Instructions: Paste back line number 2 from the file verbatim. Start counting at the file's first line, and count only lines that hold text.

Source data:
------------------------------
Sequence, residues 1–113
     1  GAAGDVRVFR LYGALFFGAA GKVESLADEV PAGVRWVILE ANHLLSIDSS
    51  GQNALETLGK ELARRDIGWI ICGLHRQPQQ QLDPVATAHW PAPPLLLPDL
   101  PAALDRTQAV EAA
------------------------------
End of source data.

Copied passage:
     1  GAAGDVRVFR LYGALFFGAA GKVESLADEV PAGVRWVILE ANHLLSIDSS